New, documentary based interpretations of the Anglo-American relationship underlining the unifying impact of culture and sentiment are less common than those emphasising shared political interests, periodic crises and frequent compromise - what Alex Danchev calls the 'functionalist' model. He points out that the British have been inclined to 'sentimentalise' and 'mytholigise' Anglo-American bonds for reasons of self-interest. A 1968 State Department analysis reflected that Britain and the United States were linked 'in an unparalleled of spheres - nuclear strategy, disarmament, multilateral alliance, weapons technology, intelligence, and arms sales and purchases'. The release in recent years of British and American government documents has enabled primary research on the Anglo-American relationship under Harold Wilson and Lyndon B. Johnson. Finally, this chapter presents an overview of the key concepts discussed in the subsequent chapters of this book.
This book examines the impact of the Kosovo crisis, which reached its peak of intensity in 1998–1999, on the continuing evolution and development of key issues relating to post-Cold War European security overall. In measuring this impact, the discussions begin with the North Atlantic Treaty Organisation (NATO). The book considers structural issues as well as the impact of the conduct of Operation Allied Force—the NATO bombing campaign of March–June 1999—on both the internal workings of NATO and the expansion of its geographical areas of interest and remit within Europe. It also offers a detailed account of the difficult, occasionally tortuous, but ultimately essential diplomatic co-operation between Russia and NATO members which accompanied the ongoing air campaign in the spring and early summer of 1999. One of the favourite ‘lessons of Kosovo’ drawn by commentators and observers since 1999 has been to do with the extent to which Operation Allied Force painted up a military ‘capabilities cap’ between the European members of NATO and the United States.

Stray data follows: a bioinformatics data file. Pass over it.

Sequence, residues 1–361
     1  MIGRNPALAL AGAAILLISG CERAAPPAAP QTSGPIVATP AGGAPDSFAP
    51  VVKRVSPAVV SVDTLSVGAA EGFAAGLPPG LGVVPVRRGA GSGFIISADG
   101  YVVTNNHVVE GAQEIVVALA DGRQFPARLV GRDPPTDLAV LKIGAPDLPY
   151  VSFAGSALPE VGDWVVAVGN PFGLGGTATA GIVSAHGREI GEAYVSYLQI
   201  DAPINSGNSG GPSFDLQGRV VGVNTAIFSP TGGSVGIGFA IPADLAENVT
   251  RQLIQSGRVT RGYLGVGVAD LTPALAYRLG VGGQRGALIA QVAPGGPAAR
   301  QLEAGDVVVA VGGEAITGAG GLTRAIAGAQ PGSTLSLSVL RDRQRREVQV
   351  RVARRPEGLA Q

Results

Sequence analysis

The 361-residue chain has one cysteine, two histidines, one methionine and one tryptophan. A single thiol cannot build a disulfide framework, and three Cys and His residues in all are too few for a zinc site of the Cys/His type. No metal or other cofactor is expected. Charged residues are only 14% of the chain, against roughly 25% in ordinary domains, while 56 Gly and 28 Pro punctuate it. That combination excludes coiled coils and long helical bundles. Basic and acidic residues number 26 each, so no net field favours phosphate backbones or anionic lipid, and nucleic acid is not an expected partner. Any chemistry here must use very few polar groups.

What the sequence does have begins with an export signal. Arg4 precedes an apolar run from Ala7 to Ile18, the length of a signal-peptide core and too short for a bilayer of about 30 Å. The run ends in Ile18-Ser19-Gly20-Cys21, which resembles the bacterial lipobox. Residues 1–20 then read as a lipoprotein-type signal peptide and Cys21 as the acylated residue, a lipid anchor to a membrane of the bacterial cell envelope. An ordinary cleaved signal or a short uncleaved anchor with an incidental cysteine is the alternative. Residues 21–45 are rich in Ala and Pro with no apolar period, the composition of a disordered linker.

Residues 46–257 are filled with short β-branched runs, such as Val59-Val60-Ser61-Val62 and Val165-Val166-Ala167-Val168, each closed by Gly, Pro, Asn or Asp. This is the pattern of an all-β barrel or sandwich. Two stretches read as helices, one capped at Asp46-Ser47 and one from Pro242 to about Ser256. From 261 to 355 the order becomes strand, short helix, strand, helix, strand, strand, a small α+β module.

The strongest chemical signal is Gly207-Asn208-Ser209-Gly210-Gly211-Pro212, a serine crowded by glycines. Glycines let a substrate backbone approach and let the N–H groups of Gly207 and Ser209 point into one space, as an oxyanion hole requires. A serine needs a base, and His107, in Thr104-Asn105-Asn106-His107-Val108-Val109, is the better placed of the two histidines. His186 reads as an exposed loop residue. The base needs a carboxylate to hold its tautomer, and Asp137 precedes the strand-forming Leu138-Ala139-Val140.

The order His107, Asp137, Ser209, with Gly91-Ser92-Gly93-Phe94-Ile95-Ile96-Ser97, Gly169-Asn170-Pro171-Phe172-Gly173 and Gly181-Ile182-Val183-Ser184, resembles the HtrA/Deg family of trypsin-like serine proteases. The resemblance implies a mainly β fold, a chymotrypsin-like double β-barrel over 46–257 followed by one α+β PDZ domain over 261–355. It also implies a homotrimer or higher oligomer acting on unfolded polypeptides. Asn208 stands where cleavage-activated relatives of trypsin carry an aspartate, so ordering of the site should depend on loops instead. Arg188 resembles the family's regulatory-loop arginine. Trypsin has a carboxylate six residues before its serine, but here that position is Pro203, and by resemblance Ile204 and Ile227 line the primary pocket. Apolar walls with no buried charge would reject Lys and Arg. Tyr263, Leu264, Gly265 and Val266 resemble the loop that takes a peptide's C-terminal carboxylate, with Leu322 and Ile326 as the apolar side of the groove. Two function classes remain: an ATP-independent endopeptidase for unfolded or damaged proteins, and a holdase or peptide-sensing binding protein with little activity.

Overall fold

This introductory chapter discusses Germany's security policy and strategic culture. It shows that strategic culture is concerned with the domestic sources of security policy and tries to determine how the past affects and shapes modern policy behaviour. It also addresses the idea of German strategic culture and German policy-makers. The final part of this chapter presents a brief outline of the succeeding chapters.